The government’s Clean Growth Strategy includes a wide range of measures designed to meet the UK’s legally binding commitment to cut emissions by 57% in the period 2028-2032, against 1990 levels. The newly published strategy forms the basis of carbon reduction policies, with a number of future actions and consultations designed to expand on these. Following a long wait for its publication, the new strategy has been widely welcomed. However, there is also criticism that it does not go far enough and concern regarding the planned use of “flexibilities”, which indicates that carbon offsets could be utilised to meet the UK’s commitments. Lord Deben of the Climate Change Committee said “We welcome the new thinking and ambition. We also recognise that the Government has identified areas where it will aim to do more and acknowledges there is work to be done to develop effective new policies”. (more…)
The government has published a consultation on the phase-out of unabated coal-fired plants by 2025. This consultation was one of several announcements relating to clean energy last week, providing investors with some clarity following over a year of policy uncertainty. Secretary of State Greg Clarke said, “My priority is to ensure that our country has the electricity it needs to meet all of our needs, at the lowest possible cost and to ensure that we decarbonise our energy supplies.”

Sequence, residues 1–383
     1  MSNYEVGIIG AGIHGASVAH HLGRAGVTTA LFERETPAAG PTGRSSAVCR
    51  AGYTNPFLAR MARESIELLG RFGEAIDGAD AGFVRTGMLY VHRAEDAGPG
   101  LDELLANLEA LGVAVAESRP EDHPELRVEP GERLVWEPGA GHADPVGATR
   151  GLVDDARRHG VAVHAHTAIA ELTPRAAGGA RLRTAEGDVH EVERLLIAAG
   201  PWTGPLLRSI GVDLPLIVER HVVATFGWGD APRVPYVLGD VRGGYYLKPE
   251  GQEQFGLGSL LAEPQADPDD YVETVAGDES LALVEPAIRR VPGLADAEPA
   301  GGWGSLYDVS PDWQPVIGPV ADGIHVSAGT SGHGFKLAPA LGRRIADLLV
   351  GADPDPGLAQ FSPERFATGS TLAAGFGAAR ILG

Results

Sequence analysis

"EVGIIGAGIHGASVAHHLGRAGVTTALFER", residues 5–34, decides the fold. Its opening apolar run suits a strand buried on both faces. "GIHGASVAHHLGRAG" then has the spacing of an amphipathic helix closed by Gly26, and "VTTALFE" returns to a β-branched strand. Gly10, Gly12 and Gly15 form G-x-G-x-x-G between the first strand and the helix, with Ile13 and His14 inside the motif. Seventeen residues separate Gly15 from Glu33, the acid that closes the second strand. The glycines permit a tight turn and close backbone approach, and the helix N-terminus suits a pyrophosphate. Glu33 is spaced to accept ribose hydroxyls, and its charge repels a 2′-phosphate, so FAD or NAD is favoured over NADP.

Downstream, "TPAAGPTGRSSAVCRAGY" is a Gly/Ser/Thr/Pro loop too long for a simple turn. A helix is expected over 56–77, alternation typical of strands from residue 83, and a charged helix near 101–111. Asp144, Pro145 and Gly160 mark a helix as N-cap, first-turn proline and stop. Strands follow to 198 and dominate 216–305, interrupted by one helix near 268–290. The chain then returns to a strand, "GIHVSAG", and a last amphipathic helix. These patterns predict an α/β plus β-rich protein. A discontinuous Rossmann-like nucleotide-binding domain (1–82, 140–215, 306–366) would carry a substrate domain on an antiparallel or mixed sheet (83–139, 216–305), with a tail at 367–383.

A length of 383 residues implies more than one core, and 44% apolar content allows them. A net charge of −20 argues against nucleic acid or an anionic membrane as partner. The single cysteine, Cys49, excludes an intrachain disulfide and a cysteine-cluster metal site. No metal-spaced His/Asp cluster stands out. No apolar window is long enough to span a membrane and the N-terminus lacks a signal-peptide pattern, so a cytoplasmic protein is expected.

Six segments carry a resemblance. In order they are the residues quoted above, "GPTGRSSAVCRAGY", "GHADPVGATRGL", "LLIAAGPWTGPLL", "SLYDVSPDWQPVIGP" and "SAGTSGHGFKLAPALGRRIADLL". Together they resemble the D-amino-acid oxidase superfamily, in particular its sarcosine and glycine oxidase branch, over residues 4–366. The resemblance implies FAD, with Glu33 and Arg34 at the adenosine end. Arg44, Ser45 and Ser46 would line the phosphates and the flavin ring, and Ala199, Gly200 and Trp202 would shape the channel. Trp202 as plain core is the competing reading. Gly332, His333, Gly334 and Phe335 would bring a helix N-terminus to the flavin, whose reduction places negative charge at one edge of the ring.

The UK is committed to meeting stringent carbon reduction targets under both domestic legislation and international agreements. Because coal emits twice the level of carbon than gas for each kWh of electricity generated, its phase-out is an important element in meeting these targets. In addition, coal emits high levels of other key air pollutants, which are also regulated.